Uncle Tom? Not Booker T.

PrintPrintEmailEmail

One night every week Booker found himself away from the plantation, alone and frightened. The war had brought heavier tasks to the few at home, and one of these was almost more than Washington could manage. He took corn to be ground at Teel’s mill, on Indian Run, about three miles from the plantation. The heavy sack of corn on the horse’s back was evenly divided on each side when he started out, but when he got on the back-country road that led off the pike there were gullies in the red clay, and steep grades. Inevitably the corn shifted and the sack fell off, carrying the small rider with it as he tried to hold it back. The only thing to do then was to wait for someone to come along who could help lift the sack. On the lonely road this could be hours. It was often after dark when the corn was ground, and the ride back was full of terror. Rustles in the trees could be wolves or wildcats or even army deserters, who were said to cut off the ears of little colored boys. And lateness meant being whipped.

At home his easiest job was in the Big House dining room, where he kept flies off the table at meals by working a large set of paper fans, operated by a pulley. It was here that he picked up most of his knowledge about the white world. As the paper whispered and slapped together and the voices of the family rose above the clatter of crockery, Booker absorbed conversation with a curiosity and retentiveness that they could not have guessed.

They talked mostly about the war, for their involvement was complete. All six of the sons had enlisted, and the household was constantly stirring with news of them; their goings and comings on furlough or sick leave, their wounds—and their deaths. From the time the war began the Burroughs slaves, for all their secret wish that their master’s enemies would win the war, could not help sharing in the family’s griefs. When young Master Billie died in the spring of 1863 there was sorrow in the Quarters that Booker remembered as “only second to that in the ‘Big House’… it was no sham sorrow, but real.” Frank’s death was particularly poignant because he had re-enlisted after being given a medical discharge by the Surgeon General. He died aboard a hospital ship on his way home.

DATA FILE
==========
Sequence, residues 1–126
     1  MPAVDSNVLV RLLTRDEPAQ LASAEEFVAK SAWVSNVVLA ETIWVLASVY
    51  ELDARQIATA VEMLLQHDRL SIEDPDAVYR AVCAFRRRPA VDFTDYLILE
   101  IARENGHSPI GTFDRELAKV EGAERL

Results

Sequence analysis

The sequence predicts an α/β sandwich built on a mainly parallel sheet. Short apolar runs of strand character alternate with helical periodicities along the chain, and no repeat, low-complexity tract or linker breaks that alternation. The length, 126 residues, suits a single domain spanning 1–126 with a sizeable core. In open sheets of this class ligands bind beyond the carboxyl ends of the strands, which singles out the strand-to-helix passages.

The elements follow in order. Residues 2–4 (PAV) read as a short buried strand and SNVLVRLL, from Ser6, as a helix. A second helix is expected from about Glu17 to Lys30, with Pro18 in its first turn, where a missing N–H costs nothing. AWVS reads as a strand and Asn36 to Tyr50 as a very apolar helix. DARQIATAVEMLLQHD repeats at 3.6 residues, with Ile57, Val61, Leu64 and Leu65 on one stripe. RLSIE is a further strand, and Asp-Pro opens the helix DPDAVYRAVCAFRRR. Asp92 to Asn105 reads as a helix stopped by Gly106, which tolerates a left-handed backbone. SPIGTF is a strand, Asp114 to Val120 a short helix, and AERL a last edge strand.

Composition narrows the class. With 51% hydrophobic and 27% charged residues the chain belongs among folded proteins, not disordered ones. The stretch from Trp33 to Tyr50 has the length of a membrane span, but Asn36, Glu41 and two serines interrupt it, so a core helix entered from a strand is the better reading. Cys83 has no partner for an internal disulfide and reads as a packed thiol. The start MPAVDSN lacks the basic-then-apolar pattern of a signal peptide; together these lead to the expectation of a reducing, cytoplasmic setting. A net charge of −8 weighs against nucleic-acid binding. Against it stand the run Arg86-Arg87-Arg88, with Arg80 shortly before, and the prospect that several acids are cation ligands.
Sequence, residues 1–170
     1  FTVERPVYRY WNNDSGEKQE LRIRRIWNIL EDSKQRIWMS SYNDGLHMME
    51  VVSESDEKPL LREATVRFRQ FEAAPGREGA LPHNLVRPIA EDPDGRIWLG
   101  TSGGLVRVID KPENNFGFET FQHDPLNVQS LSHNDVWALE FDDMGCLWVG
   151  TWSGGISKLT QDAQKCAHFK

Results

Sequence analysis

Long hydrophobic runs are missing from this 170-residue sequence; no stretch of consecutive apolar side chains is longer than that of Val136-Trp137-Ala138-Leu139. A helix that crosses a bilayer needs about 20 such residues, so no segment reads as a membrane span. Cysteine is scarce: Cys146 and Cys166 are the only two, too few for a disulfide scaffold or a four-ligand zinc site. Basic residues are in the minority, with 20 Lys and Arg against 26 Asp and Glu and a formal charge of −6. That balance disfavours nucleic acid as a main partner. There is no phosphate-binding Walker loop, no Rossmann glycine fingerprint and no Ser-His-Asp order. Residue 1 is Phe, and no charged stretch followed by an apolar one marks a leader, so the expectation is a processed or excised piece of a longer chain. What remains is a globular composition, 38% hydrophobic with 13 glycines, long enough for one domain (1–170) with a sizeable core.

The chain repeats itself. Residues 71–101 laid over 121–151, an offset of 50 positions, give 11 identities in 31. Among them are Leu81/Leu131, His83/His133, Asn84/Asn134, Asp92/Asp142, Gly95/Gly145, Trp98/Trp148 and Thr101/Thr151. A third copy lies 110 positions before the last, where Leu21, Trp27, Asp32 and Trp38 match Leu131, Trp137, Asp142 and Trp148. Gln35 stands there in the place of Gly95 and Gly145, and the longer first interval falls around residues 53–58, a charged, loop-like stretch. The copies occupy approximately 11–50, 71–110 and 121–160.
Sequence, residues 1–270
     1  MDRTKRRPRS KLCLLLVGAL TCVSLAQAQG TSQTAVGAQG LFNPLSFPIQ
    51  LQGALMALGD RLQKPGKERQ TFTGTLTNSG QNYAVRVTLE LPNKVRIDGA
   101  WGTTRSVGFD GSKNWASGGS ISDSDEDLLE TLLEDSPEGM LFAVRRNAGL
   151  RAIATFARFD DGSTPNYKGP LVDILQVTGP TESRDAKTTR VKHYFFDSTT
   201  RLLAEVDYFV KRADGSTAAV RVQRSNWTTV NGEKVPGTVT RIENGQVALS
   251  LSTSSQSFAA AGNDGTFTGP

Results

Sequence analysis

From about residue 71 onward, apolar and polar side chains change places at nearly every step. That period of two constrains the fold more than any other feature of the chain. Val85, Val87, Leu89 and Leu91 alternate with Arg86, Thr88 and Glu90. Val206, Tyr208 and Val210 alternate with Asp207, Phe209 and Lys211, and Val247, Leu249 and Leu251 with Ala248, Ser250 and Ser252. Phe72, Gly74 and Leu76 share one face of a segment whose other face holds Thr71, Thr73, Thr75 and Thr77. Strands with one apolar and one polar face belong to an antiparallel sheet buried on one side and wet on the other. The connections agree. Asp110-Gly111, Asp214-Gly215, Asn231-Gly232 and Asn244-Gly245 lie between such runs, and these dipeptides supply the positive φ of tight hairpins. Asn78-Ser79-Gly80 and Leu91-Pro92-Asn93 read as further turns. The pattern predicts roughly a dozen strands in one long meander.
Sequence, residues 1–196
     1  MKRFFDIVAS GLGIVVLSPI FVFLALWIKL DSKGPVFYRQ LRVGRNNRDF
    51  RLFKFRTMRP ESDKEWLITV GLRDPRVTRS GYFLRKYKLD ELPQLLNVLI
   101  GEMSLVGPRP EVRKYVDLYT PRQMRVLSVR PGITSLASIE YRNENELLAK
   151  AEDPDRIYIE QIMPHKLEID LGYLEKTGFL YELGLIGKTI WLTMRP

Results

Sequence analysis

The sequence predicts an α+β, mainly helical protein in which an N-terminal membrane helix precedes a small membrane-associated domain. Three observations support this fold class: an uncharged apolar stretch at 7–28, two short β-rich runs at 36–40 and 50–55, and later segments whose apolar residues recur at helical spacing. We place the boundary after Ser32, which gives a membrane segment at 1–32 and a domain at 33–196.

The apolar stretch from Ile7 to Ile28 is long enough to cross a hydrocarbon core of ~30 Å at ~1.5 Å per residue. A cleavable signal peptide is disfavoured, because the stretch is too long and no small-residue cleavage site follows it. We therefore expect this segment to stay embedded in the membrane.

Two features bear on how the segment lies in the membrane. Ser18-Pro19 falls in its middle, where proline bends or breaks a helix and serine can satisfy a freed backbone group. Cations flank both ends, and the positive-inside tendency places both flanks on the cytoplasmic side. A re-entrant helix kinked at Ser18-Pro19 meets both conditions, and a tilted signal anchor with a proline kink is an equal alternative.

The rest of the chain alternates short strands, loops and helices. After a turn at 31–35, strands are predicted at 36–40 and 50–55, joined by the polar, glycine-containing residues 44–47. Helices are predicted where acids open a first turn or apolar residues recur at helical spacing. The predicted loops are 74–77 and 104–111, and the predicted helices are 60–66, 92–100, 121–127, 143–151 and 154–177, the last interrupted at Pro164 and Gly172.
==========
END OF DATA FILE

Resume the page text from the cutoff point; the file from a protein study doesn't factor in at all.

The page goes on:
In Up From Slavery Washington made a specific point of the fact that the slaves were just as eager to help take care of their wounded young masters as the white relatives. Nursing young Newton must have given everybody one of the war’s few light moments. His record soberly stated that he had been wounded “in the right thigh.” The family language was simpler: “Uncle Newt got shot in the rump, and he was teased a lot for it. People said he must have been running away and he said, ‘well, if you had bullets whizzing all around you, you’d run too.’”

When Newton had left, it meant that there were, for the first time, no white males regularly on the plantation. Washington said in his book what he frequently stressed later in speeches to white southerners: that the behavior of the vast majority of slaves during the war had proved that the Negro should be considered worthy of “a specific trust.… The slave who was selected to sleep in the ‘big house’ during the absence of the males was considered to have the place of honor. Anyone attempting to harm ‘young mistress’ or ‘old mistress’ during the night would have had to cross the dead body of the slave to do so.”

But with all their personal loyalty, the slaves kept listening for news of northern victories, and in Up From Slavery Washington reported that they knew the outcome of every battle. There were a good many poetic ideas about the Negro grapevine—that in some way this child of nature was able to pluck happenings out of the air in an extrasensory manner denied the white man. As Stephen Vincent Benêt says in John Brown’s Body:

The wind from the brier patch brought him news That never went walking in white men’s shoes.

Washington gave a simpler explanation: that the slave who went for the mail hung around and listened to the talk at the post office, then told the latest news to other slaves whom he met on the road. He did not mention that on the Burroughs plantation he was sometimes the slave who went for the mail. Nor did he disclose that in the Halesford neighborhood there was another explanation for the mysterious slave grapevine.

Only a mile from Taylor’s Store lived a planter called Ol’ Menas, who owned twenty-nine slaves. One of them could read. The girl who cleaned the master’s room in the morning would sneak out the latest newspaper and return it after it had been read. It would be carefully folded or crumpled as it had been before—but the news in it was already on its way.

In the early months of 1865 every day brought “its news and mutterings of great events.” The deserters came out of the woods and walked the main road openly along with whole regiments of discharged soldiers. In the Quarters the singing was louder: